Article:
So, you’re thinking about writing a cookbook? Then read on to learn more about how to write one that’s really going to sell:

Writing a best-selling cookbook – sounds like the dream, right? If you’re a whizz in the kitchen, then you’ll probably have thought about sharing your recipes with the world at some point.

 Writing a cookbook might seem like the first logical step on your way to becoming the next Gordon Ramsey or Nigella Lawson, but don’t go getting too ahead of yourself. There are countless cookbooks taking up space in bookstores up and down the country. So, if you’re going to write one, you’ll need to make it stand out from the crowd.

There are a number of different factors to consider if you want your cookbook to be a success. From general advice concerning the title, right down to the nitty gritty details like getting intellectual property rights advice, there’s a lot to consider. So, let’s take a look at the ten tips you need to know if you want your cookbook to sell.

10 Tips to Make Your Cookbook Sell


   1.   Define Your Audience

First thing’s first – who do you want your cookbook to be for? Are you writing it for busy working professions with very little spare time on their hands, or retirees with too much spare time on their hands? What about students looking to cook on a budget?

Defining your audience will be absolutely critical if you’re to make your cookbook a success. That way, you can write everything with a consistent tone, and base the recipes you include around the lives of those you’re writing for.

2.   Do Some Research

There’s no shortage of cookbooks out there, so why not get a flavour for the competition by doing a spot of research? By reading some other cookbooks, you’ll get a better idea as to the sort of approach you want to take for your own.

It should go without saying, but this doesn’t mean you should go copying other people’s work. Alongside the ethical element of it all, they’ll probably have some sort of intellectual property rights anyway. That said, there’s nothing wrong with taking a bit of inspiration!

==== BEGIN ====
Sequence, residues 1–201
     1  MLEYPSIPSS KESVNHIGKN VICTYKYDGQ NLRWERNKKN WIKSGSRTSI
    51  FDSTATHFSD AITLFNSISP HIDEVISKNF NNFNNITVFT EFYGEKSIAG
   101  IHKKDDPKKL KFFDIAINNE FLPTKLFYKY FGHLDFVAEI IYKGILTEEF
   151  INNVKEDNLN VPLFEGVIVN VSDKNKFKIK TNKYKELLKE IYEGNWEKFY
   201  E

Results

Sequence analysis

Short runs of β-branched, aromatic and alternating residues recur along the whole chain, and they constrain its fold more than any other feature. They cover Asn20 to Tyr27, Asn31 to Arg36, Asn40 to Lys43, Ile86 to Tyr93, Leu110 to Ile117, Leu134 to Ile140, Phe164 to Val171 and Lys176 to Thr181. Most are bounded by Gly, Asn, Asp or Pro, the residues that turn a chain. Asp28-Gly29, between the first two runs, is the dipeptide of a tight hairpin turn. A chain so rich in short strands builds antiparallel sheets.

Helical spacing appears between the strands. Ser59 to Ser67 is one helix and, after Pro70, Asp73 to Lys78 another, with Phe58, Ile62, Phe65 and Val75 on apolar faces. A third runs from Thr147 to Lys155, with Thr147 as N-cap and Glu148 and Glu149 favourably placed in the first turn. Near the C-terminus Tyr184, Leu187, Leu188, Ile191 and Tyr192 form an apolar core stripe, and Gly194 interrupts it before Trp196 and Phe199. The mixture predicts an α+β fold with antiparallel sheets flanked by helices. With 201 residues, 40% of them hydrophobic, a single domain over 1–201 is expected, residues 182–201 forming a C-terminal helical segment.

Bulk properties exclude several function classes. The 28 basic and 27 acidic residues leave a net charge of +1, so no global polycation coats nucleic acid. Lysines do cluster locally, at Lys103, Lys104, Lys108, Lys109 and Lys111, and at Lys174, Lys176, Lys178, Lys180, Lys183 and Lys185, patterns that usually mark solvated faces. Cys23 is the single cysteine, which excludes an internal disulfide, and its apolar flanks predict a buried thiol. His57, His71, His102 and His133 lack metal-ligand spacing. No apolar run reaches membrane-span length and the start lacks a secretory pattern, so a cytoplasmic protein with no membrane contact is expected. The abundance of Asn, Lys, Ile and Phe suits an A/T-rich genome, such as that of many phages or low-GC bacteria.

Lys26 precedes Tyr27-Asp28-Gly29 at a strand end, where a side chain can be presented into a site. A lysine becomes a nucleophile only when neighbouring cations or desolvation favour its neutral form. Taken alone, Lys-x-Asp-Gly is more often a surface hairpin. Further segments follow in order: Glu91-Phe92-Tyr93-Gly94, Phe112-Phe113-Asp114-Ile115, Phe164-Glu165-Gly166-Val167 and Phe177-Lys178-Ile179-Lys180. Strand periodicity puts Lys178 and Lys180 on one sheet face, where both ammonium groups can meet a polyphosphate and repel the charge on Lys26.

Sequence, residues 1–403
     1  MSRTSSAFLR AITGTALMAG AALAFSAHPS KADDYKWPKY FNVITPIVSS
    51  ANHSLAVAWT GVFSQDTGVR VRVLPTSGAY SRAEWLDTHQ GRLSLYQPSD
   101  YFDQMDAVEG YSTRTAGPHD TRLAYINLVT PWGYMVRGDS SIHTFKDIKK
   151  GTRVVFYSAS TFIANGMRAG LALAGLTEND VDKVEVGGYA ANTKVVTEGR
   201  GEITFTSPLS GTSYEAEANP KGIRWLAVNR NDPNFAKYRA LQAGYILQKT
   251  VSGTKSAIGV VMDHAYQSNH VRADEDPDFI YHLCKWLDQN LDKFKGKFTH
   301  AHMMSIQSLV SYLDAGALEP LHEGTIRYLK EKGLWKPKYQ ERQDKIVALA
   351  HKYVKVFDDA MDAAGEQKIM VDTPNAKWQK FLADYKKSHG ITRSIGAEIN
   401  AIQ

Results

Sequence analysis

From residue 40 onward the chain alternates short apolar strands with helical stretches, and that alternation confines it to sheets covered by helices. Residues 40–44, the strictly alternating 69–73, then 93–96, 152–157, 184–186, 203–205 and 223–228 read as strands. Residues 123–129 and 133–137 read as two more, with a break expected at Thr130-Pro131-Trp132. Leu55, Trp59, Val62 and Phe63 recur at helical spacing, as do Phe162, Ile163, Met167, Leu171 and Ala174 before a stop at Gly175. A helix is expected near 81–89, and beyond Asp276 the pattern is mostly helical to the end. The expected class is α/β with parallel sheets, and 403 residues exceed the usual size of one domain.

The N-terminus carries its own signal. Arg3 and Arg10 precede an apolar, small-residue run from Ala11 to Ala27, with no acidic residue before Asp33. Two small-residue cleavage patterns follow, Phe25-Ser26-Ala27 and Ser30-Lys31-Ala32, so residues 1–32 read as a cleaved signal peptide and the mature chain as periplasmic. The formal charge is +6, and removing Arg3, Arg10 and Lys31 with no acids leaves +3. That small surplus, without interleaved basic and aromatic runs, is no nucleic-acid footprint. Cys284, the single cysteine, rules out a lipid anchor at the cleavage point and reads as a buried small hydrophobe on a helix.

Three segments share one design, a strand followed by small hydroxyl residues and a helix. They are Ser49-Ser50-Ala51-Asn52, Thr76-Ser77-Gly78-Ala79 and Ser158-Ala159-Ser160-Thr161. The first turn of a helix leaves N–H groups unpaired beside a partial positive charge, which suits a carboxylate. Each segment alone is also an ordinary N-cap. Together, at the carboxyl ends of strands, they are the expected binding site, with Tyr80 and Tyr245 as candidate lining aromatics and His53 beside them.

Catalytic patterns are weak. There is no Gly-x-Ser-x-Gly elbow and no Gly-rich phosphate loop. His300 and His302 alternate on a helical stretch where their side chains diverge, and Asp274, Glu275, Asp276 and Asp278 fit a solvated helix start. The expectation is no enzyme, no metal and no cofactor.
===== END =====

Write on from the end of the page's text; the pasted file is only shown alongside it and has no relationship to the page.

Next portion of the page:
3.   Carefully Consider the Title

Once you’ve got your target audience locked down, the next thing you’ll need to spend some time thinking about is what your cookbook is going to be called. The title is going to be the first thing that people read and, if it isn’t interesting, they’ll already be eyeing up something else.

There are a number of ways you can help to make your cookbook’s title stand out. That could include the use of play on words, using a quote or even a pun.


4   Find Your Niche 

You’ll need to think carefully about what your unique selling point is going to be. Granted, finding a niche isn’t always easy. The sheer number of cookbooks that have been published means that there’ll likely be a small element of crossover.

That said, there is always a way of putting a twist on well-established recipes to differentiate your cookbook and help you develop your own style. Some ideas for niches could include:

  • Dietary requirements recipes, like vegetarian food
  • Meals on a budget
  • 100 recipes made using [insert ingredient name here) 

5.   Have a Tone and Stick to It

Striking the right tone can make all the difference. You might want to maintain a casual, conversational style of writing, you may want your readers to find themselves laughing at every opportunity, or you could want to keep everything simple and straightforward.

There’s no right or wrong approach when it comes to tone. What is important is making sure that tone remains consistent throughout.

6.   Don’t Rush the Process

 You shouldn’t feel the need to rush through the process of writing a cookbook. If you do, chances are the quality of the finished product is going to take a hit, leaving you with disappointing sales.

 Take your time to carefully plan everything out from start to finish and make sure you’re happy with each part of the book before moving on to the next.

7.   Have an Easy-to-Follow Format

 If your readers are finding themselves getting lost in a maze of different recipes, then something has probably gone wrong somewhere down the line. Keeping your format simple and easy to follow is essential if you’re cookbook is to be success.

 Think about how you might group together different recipes and how one might lead on to another, instead of bouncing from one extreme to the other. The last thing you want is for your readers to put your cookbook down out of frustration.

8.   Look into Intellectual Property Rights